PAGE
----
New edited volume by former IAS Fellow Barbara Risman
With fellow editors Carissa Froyum and William J Scarborough, The Handbook of the Sociology of Gender (2018, Springer) provides a comprehensive view of the field of the sociology of gender. It presents the most important theories about gender and methods used to study gender, as well as extensive coverage of the latest research on gender in the most important areas of social life, including gendered bodies, sexuality, carework, paid labor, social movements, incarceration, migration, gendered violence, and others.
(9 Jul 2018)
Recent books from former IAS Fellows
The IAS is delighted to highlight a number of recent book publications from several of its recent former Fellows which were developed and/or written during their stay in Durham.
- Professor Sander Gilman (Emory University), Fellow in 2011/12: Stand up Straight! A History of Posture. (London, Reaktion Books)
- Professor Dennis Beach (University of Gothenburg), Fellow in 2017/18: The Wiley Handbook of Ethnography of Education (London, Wiley Blackwell).
- Professor Hans Petter Graver (University of Oslo), Fellow in 2016/17: Squaring the circle on Brexit: Could the Norway model work? (Bristol, Policy Press).
- Professor Jessica Brown (University of St Andrews), Fellow in 2015/16: Fallibilism: Evidence and Knowledge. (Oxford, Oxford University Press).
- Dr Jacob Stegenga (University of Cambridge), Fellow in 2015/16: Medical Nihilism. (Oxford, Oxford University Press).
Images courtesy of: Oxford University Press; Wiley Blackwell; Policy Press; Reaktion Books.
(25 Jun 2018)
New edited volume stemming for the IAS 2013/14 theme of Light - 'From the Lighthouse: interdisciplinary reflections on light'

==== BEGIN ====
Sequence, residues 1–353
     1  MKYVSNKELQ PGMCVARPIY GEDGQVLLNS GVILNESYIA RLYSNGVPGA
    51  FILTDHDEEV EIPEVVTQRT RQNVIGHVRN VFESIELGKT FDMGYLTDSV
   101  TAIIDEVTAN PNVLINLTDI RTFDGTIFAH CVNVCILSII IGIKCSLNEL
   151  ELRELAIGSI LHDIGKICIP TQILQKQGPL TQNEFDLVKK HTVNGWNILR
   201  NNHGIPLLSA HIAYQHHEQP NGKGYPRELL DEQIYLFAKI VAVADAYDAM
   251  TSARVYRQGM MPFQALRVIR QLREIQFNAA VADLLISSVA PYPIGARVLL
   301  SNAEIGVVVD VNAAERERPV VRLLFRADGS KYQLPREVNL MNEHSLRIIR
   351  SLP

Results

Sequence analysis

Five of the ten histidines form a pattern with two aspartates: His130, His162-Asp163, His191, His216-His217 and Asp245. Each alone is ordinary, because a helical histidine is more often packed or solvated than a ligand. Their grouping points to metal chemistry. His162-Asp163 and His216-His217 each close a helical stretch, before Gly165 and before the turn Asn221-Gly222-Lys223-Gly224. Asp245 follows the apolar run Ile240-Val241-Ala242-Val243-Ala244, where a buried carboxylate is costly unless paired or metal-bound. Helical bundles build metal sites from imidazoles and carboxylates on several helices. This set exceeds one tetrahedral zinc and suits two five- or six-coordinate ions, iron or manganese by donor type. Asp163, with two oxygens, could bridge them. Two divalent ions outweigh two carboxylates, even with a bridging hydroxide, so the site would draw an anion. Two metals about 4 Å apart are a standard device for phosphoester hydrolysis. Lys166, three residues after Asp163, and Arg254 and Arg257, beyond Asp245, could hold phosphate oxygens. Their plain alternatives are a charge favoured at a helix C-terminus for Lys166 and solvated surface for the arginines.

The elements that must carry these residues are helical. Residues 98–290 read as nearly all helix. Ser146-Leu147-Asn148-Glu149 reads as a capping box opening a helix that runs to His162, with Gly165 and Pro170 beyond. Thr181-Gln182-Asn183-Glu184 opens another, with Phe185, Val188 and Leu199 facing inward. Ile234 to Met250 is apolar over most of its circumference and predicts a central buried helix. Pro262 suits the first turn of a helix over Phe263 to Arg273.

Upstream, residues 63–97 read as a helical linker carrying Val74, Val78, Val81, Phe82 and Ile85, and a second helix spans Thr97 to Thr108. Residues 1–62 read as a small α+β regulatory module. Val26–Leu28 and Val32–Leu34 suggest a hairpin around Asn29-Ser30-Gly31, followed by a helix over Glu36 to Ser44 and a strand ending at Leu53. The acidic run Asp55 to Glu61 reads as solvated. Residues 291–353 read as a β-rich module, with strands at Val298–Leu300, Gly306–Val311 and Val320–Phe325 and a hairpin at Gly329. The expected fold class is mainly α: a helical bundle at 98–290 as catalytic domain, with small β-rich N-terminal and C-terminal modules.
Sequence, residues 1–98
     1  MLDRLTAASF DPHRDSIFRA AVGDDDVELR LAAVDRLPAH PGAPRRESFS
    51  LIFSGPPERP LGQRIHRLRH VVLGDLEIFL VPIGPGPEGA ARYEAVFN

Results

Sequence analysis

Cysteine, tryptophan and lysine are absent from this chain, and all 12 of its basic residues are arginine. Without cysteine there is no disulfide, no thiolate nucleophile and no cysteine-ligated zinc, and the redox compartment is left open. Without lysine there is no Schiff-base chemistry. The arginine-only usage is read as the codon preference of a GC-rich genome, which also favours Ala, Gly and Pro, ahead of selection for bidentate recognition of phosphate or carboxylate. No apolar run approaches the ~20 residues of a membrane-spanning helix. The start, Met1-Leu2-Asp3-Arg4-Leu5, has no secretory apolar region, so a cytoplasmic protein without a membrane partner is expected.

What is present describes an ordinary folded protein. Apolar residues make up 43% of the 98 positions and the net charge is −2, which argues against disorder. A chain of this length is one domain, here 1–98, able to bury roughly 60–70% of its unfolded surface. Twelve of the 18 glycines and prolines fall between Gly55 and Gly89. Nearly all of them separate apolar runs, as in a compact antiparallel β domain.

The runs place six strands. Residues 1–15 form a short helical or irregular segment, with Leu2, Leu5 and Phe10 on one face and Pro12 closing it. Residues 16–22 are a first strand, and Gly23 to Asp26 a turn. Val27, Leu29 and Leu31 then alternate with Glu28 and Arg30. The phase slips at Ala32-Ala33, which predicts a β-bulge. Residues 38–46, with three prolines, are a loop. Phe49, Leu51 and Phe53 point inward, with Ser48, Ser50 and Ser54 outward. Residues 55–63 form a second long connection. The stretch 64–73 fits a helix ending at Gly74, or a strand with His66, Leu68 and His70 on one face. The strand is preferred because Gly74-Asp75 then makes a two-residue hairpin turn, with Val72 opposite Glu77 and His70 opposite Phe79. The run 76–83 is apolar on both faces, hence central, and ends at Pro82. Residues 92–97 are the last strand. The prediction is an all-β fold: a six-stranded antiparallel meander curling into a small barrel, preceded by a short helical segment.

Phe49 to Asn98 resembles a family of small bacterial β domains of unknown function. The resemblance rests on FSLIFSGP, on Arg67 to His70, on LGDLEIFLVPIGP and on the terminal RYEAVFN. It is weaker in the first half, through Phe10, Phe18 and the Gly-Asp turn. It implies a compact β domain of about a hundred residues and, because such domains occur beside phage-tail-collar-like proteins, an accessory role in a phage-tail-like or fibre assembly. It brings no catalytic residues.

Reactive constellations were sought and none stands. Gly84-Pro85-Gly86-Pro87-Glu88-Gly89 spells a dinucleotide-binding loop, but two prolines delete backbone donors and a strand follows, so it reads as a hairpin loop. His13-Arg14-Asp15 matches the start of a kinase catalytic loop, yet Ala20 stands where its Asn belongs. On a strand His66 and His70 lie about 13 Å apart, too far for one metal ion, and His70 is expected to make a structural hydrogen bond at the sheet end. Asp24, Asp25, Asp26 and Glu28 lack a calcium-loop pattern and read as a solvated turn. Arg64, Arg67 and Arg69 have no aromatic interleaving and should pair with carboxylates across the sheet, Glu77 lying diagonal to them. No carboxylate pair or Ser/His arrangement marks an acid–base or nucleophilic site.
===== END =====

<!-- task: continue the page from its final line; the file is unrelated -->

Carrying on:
What is a lighthouse? What does it mean? What does it do? This book shows how exchanging knowledge across disciplinary boundaries can transform our thinking.
Adopting an unconventional structure, this book involves the reader in a multivocal conversation between scholars, poets and artists. Seen through their individual perspectives, lighthouses appear as signals of safety, beacons of enlightenment, phallic territorial markers, and memorials of historical relationships with the sea. However, the interdisciplinary conversation also reveals underlying and sometimes unexpected connections. It elucidates the human and non-human evolutionary adaptations that use light for signalling and warning; the visual languages created by regularity and synchronicity in pulses of light; how lighthouses have generated a whole ‘family’ of related material objects and technologies; and the way that light flows between social and material worlds.
(2 May 2018)
Dante. Hell, Heaven and Hope: A Journey through Life and the Afterlife with Dante
Durham's Dr Annalisa Cipollone publishes Dante. Hell, Heaven and Hope: A Journey through Life and the Afterlife with Dante (Durham, IAS, 2017) .
The volume has been envisioned as a way of accessing Dante’s oeuvre via a number of broad key-themes selected from his work: justice, displacement, the importance and consequences of personal choice, the position of human beings in the universe, love, and ultimately hope. This is followed by eleven sections, variously devoted to introduce cognate aspects of Dante’s work and fame and arranged to offer a guide to his enduring legacy, as well as to the exhibition at Palace Green Library, Durham, of rare manuscripts, printed books and artwork mostly from the renowned collection of Livio Ambrogio, open until 18 March 2018.
The items on display, illustrated in the volume, range from fourteenth-century manuscripts and early modern editions of the Divine Comedy (one of which with engravings after drawings by Botticelli) to copies of the poem formerly belonging to Samuel Taylor Coleridge, Dante Gabriel Rossetti and T. S. Eliot. The selection also includes autograph originals by Alexandre Dumas père, Jorge Luis Borges, and by director, actor and Academy Award winner Roberto Benigni.